|For those not familiar with the area, the image above shows the Metro area of New Orleans on the
south shore of the lake at the bottom of the picture; the Causeway stretches across the middle
of the lake; and just a smidgeon of the town of Mandeville on the north shore can be seen. To
the right of the image, the Lake Pontchartrain Twin Spans cross the "neck" of the lake, from
eastern New Orleans on the south shore to Slidell, in St. Tammany Parish, on the north
shore. The Mississippi River snakes its way through the heart of Metro New Orleans.
| The Lake Pontchartrain Causeway, the longest highway bridge over water in the world at
just under 24 miles, links Metro-New Orleans on the south shore of the lake (from Metairie in
Jefferson Parish) with the town of Mandeville in St. Tammany Parish, on the north shore. The
first span of the Causeway opened in 1956 and it was considered a remarkable feat of
engineering at the time. During construction, pieces of the bridge were loaded on barges
and towed to the spaces they were needed on the lake. The bridges are supported by 9,500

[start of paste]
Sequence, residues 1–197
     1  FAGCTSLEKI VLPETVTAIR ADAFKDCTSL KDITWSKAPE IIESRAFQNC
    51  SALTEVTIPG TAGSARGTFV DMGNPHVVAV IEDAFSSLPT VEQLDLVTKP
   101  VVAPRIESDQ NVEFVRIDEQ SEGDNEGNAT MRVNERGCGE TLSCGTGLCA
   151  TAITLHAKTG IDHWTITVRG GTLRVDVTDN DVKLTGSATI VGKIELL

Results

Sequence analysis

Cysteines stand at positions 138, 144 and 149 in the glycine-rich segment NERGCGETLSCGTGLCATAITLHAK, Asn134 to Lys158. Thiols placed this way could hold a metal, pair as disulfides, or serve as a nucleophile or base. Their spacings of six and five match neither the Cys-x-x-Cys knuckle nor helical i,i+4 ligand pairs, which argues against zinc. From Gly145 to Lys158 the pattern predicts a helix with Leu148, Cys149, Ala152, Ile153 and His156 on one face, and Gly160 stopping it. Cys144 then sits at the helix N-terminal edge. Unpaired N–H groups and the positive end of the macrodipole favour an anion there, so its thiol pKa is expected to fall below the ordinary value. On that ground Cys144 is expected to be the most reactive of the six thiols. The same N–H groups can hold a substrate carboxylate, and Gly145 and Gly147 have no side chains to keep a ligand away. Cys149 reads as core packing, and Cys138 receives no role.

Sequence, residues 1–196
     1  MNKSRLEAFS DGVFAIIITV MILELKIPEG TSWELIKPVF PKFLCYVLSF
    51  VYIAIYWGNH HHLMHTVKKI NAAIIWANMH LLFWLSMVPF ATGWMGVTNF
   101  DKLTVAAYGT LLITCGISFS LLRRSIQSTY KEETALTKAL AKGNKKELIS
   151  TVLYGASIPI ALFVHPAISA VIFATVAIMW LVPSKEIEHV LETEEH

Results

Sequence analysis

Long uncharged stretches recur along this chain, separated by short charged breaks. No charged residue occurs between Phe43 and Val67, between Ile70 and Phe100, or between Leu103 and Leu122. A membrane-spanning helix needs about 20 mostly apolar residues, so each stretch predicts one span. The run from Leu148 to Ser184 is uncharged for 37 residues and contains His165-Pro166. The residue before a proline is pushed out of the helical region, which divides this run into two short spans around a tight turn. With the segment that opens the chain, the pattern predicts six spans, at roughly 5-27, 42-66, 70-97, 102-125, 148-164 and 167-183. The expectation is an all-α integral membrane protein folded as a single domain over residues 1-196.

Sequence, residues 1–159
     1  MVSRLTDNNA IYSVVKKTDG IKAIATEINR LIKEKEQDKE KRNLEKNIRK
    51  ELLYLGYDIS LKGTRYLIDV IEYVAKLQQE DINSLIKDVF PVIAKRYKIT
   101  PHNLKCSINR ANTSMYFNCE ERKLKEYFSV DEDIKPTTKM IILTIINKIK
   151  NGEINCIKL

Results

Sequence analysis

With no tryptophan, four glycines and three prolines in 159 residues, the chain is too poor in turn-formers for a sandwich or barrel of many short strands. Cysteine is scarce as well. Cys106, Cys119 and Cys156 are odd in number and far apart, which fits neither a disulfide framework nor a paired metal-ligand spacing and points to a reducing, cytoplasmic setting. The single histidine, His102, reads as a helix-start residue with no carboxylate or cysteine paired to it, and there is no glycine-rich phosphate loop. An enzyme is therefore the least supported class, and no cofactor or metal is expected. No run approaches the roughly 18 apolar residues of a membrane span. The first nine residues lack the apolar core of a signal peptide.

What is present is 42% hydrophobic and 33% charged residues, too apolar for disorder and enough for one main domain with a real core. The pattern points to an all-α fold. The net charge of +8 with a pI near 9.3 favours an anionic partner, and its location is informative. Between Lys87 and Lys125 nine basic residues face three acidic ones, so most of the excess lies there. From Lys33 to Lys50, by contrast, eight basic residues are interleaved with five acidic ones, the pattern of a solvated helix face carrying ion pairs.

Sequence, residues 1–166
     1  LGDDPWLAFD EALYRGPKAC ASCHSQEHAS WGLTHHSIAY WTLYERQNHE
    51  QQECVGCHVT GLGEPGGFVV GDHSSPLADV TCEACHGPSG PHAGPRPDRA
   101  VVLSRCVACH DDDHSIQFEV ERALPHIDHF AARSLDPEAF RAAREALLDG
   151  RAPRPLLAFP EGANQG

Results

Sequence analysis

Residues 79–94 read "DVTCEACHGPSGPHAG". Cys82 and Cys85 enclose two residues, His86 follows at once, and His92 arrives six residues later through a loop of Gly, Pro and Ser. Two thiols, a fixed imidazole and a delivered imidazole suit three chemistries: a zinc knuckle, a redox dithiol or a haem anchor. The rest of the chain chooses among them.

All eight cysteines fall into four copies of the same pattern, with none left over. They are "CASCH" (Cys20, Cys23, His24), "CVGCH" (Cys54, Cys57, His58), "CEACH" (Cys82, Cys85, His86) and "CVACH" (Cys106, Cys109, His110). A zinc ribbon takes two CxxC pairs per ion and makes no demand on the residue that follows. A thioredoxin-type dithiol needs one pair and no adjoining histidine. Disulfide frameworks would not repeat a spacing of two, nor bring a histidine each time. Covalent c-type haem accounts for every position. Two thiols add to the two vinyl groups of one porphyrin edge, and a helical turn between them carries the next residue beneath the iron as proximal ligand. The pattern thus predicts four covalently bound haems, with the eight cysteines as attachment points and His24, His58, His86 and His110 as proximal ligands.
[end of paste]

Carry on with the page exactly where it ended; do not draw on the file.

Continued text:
pilings, over 50 inches in diameter. They were the largest pilings ever driven at the time of
the first bridge's construction.
A second span was added in 1969, to make traffic on each span one way, making the
Causeway much safer. Depending on the source, between 30,000-40,000 cars use the
Causeway daily--most are commuters from homes on the north shore driving to Metro-
New Orleans jobs.
Lake Pontchartrain is the largest inland estuary in the United States, comprised of over 600
square miles. It was named for France's Minister of Finance, who served under King Louis
XIV, for whom Louisiana was named.
|The opening of the Causeway in 1956. That's the water tower that's on what is now
Veterans and Causeway Boulevards visible at the top of the photo. Metairie, a suburb
of New Orleans, has changed considerably since this photo was taken. (See photo
below.) Many thanks to Robert Gonzalez for sharing this photo.
|An ad from the 1950's.
|A current photo of the entrance to the Causeway in Metairie. No more quiet country living
in Jefferson Parish - and very little quiet country living on the northshore anymore either.
|The Causeway under construction, 1956.
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|The current-day Causeway bridges stretch into the horizon. Midway, neither shore
can be seen. In inclement weather, cars are led across the spans in convoys.